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MapReduce is a popular framework for data-intensive distributed computing of batch jobs. To simplify fault tolerance, many implementations of MapReduce materialize the entire output of each map and reduce task before it can be consumed. In this paper, we propose a modified MapReduce architecture that allows data to be pipelined between operators. This(More)
Recent research has explored using Datalog-based languages to express a distributed system as a set of logical invariants [2, 19]. Two properties of distributed systems proved difficult to model in Datalog. First, the state of any such system evolves with its execution. Second, deductions in these systems may be arbitrarily delayed, dropped, or reordered by(More)
Distributed programming has become a topic of widespread interest, and many programmers now wrestle with tradeoffs between data consistency, availability and latency. Distributed transactions are often rejected as an undesirable tradeoff today, but in the absence of transactions there are few concrete principles or tools to help programmers design and(More)
As the cloud era begins and failures become commonplace, failure recovery becomes a critical factor in the availability, reliability and performance of cloud services. Unfortunately, recovery problems still take place, causing downtimes, data loss, and many other problems. We propose a new testing framework for cloud recovery: FATE (Failure Testing Service)(More)
MapReduce is a popular framework for data-intensive distributed computing of batch jobs. To simplify fault tolerance, the output of each MapReduce task and job is <i>materialized</i> to disk before it is consumed. In this demonstration, we describe a modified MapReduce architecture that allows data to be <i>pipelined</i> between operators. This extends the(More)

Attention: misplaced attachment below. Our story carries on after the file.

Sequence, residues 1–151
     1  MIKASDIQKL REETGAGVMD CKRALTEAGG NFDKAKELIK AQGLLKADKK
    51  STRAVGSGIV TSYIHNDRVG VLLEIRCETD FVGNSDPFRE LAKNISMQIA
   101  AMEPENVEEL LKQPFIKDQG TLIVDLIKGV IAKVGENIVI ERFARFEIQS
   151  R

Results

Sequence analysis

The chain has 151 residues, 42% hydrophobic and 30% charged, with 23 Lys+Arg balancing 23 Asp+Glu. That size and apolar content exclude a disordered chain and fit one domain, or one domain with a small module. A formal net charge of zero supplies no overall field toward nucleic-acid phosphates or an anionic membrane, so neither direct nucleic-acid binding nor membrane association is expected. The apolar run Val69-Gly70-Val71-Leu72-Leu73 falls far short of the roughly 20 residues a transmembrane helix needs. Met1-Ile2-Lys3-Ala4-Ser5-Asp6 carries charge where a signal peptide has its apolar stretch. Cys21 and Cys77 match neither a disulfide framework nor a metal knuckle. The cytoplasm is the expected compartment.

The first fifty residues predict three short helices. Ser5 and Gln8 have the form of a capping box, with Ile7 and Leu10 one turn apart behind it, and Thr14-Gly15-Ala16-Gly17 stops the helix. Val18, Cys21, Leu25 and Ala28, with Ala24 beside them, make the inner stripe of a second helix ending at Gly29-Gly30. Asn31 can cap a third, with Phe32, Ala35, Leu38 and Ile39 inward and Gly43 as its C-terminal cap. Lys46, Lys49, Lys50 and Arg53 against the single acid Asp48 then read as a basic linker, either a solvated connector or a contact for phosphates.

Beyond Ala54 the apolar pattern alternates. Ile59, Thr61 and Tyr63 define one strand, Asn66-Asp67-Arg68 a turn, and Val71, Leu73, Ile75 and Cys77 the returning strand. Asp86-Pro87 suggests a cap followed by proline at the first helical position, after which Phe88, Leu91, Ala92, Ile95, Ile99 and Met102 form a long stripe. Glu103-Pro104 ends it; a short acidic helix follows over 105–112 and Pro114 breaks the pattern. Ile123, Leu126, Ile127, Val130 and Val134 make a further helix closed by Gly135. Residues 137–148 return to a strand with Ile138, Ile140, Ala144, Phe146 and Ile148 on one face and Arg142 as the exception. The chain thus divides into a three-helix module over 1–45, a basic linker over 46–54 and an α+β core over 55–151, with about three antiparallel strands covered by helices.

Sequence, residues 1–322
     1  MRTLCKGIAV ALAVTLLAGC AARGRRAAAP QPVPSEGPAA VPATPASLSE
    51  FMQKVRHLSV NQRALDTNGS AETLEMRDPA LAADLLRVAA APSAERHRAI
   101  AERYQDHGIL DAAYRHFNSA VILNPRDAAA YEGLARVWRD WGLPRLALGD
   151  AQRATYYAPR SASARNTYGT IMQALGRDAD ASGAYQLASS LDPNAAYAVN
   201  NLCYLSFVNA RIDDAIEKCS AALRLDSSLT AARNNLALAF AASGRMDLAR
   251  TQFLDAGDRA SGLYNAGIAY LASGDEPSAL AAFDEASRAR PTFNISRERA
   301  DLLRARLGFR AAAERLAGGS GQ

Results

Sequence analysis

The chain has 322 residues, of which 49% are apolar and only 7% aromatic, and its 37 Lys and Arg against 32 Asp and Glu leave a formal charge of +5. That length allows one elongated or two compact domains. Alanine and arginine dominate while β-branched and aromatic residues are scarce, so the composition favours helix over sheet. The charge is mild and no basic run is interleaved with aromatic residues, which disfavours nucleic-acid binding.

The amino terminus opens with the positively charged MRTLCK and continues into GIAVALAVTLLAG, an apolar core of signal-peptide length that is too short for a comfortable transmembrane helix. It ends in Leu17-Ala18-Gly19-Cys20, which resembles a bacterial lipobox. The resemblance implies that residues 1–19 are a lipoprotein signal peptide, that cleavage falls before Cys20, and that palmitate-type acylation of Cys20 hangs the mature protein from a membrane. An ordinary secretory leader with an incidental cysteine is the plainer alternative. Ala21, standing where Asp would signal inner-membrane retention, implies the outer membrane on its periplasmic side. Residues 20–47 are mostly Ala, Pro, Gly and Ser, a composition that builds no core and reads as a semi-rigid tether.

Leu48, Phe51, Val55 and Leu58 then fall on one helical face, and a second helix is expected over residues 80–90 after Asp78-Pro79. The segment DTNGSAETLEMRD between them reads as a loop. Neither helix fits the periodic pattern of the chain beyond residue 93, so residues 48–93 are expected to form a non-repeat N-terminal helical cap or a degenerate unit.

Building and debugging distributed software remains extremely difficult. We conjecture that by adopting a <i>data-centric</i> approach to system design and by employing <i>declarative</i> programming languages, a broad range of distributed software can be recast naturally in a data-parallel programming model. Our hope is that this model can significantly(More)
In recent years there has been interest in achieving application-level consistency criteria without the latency and availability costs of strongly consistent storage infrastructure. A standard technique is to adopt a vocabulary of commutative operations; this avoids the risk of inconsistency due to message reordering. Another approach was recently captured(More)
The Paxos consensus protocol can be specified concisely, but is notoriously difficult to implement in practice. We recount our experience building Paxos in Overlog, a distributed declarative programming language. We found that the Paxos algorithm is easily translated to declarative logic, in large part because the primitives used in consensus protocol(More)
Distributed consistency is perhaps the most discussed topic in distributed systems today. Coordination protocols can ensure consistency, but in practice they cause undesirable performance unless used judiciously. Scalable distributed architectures avoid coordination whenever possible, but undercoordinated systems can exhibit behavioral anomalies under(More)